Comparison of Diesel Spray Combustion in Different High-temperature, High-pressure Facilities

Lyle M. Pickett (Invited author), Caroline L. Genzale (Invited author), Gilles Bruneaux (Invited author), Louis-Marie Malbec (Invited author), Laurent Hermant (Invited author), Caspar Ask Christiansen (Invited author), Jesper Schramm (Invited author)

Research output: Contribution to journalConference articleResearchpeer-review


Diesel spray experimentation at controlled high-temperature and high-pressure conditions is intended to provide a more fundamental understanding of diesel combustion than can be achieved in engine experiments. This level of understanding is needed to develop the high-fidelity multi-scale CFD models that will be used to optimize future engine designs. Several spray chamber facilities capable of high-temperature, high-pressure conditions typical of engine combustion have been developed, but because of the uniqueness of each facility, there are uncertainties about their operation. For this paper, we describe results from comparative studies using constant-volume vessels at Sandia National Laboratories and IFP. Targeting the same ambient gas conditions (900 K, 60 bar, 22.8 kg/m 3 , 15% oxygen) and using the same injector specifications (common rail, 1500 bar, KS 1.5/86 nozzle, 0.090 mm orifice diameter, n-dodecane, 363 K), we describe detailed measurements of the temperature and pressure boundary conditions at each facility, followed by observations of spray penetration, ignition, and combustion using high-speed imaging. The spray diagnostics show reasonable similarity despite the challenges of providing matched boundary conditions at these unique facilities. Performing experiments at the same high-temperature, high-pressure operating conditions is an objective of the Engine Combustion Network (, which seeks to leverage the research capabilities and advanced diagnostics of all participants in the ECN. Thus, in addition to the presentation of a comparative study, this paper demonstrates steps that are needed for other interested groups to participate in ECN spray research. We expect that this collaborative effort will generate a high-quality dataset to be used for advanced computational model development at engine conditions.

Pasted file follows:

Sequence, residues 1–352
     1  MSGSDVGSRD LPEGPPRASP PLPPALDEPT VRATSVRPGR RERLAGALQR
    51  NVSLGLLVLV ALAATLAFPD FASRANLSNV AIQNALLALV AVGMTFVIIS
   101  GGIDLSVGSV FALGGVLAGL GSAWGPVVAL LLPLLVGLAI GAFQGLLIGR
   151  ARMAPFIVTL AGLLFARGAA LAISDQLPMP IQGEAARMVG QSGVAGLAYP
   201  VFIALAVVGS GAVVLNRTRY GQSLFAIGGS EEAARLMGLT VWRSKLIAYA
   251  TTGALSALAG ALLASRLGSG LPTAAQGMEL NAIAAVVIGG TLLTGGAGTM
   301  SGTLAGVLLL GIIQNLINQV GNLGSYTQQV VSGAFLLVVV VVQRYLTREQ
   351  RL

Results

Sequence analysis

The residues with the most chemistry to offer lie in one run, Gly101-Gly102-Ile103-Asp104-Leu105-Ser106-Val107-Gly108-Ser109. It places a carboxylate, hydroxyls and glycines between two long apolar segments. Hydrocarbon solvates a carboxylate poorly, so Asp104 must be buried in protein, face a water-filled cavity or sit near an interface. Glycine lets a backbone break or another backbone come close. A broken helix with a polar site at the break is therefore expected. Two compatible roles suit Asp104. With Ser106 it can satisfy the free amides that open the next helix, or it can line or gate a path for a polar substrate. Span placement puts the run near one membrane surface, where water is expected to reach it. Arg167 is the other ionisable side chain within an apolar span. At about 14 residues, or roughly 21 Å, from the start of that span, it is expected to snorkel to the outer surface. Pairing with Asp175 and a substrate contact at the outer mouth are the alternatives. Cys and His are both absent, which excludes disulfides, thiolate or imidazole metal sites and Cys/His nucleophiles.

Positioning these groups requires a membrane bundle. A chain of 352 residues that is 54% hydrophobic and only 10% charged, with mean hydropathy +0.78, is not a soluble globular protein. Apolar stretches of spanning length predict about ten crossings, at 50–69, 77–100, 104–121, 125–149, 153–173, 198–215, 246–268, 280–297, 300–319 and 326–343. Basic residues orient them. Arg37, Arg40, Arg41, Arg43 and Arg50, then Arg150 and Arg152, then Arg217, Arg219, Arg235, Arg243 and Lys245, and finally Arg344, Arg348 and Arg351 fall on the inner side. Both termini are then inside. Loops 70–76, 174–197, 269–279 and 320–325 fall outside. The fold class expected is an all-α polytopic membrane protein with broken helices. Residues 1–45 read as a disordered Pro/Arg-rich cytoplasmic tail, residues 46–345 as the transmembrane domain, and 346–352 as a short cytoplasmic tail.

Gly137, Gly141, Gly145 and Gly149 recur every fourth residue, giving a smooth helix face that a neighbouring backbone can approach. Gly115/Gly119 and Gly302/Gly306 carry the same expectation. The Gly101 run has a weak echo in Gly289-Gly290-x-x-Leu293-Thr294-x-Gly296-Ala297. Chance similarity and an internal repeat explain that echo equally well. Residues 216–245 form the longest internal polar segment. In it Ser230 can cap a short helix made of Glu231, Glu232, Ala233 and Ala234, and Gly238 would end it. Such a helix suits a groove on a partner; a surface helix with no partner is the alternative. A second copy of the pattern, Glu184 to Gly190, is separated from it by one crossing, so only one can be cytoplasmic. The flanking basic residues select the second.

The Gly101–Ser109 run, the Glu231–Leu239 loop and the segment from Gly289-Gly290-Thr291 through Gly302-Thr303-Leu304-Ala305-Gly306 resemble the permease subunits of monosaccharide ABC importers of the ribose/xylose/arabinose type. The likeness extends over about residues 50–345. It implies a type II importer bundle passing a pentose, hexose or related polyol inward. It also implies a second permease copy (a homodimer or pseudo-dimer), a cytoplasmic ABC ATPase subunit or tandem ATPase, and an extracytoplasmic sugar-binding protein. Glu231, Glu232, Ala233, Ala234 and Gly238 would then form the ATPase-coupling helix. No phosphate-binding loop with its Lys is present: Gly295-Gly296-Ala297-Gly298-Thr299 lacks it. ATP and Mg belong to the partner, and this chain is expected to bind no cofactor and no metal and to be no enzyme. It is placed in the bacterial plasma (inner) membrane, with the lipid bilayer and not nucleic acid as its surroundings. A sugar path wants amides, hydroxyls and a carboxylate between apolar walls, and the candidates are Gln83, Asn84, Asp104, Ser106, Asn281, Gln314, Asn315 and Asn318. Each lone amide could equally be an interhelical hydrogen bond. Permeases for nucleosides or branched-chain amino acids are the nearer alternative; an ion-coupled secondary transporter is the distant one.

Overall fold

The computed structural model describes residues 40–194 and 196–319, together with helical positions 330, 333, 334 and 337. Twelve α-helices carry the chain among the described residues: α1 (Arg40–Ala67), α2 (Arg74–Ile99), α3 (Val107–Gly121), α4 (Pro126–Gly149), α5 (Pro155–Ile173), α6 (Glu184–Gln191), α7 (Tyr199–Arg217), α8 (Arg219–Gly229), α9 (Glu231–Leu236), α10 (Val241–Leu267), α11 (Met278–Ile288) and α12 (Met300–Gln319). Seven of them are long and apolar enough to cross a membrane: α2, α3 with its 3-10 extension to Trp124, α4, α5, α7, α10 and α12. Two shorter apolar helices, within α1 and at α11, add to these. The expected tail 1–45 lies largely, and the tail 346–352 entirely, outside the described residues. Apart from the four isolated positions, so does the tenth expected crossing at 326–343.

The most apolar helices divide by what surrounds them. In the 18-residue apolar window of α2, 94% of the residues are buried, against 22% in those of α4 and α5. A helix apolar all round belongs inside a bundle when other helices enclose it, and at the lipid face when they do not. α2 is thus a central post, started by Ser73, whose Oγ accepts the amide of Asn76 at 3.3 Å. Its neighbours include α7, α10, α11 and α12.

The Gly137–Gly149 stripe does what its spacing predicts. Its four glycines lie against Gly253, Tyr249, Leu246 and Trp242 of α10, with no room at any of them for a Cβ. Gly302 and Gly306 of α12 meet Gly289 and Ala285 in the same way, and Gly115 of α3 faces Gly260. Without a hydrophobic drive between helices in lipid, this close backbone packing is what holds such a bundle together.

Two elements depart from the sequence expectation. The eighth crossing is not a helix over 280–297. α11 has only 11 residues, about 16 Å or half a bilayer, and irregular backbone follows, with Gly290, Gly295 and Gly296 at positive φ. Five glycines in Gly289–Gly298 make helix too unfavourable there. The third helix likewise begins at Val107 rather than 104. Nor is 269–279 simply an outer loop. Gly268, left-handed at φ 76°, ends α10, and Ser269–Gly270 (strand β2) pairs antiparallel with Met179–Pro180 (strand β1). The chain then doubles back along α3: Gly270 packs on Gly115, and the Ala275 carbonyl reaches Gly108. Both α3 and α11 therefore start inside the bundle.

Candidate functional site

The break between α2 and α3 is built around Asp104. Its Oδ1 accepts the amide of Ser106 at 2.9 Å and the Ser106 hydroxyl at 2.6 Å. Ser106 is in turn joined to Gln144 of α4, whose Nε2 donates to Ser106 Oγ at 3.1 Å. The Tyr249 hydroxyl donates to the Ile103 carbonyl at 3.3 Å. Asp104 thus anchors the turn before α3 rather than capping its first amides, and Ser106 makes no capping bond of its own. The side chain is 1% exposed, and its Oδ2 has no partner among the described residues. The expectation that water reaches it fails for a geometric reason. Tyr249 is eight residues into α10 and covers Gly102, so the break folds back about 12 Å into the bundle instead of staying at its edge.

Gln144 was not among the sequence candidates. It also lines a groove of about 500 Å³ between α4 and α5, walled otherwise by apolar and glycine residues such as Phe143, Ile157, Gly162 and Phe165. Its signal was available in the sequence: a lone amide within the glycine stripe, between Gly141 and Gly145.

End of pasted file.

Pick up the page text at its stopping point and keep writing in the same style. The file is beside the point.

Original languageEnglish
JournalS A E International Journal of Engines
Issue number2
Pages (from-to)156-181
Publication statusPublished - 2010
EventSAE 2010 Powertrains Fuels & Lubricants Meeting - San Diego, Calif.
Duration: 1 Jan 2010 → …


ConferenceSAE 2010 Powertrains Fuels & Lubricants Meeting
CitySan Diego, Calif.
Period01/01/2010 → …

Bibliographical note

Paper number: 2010-01-2106

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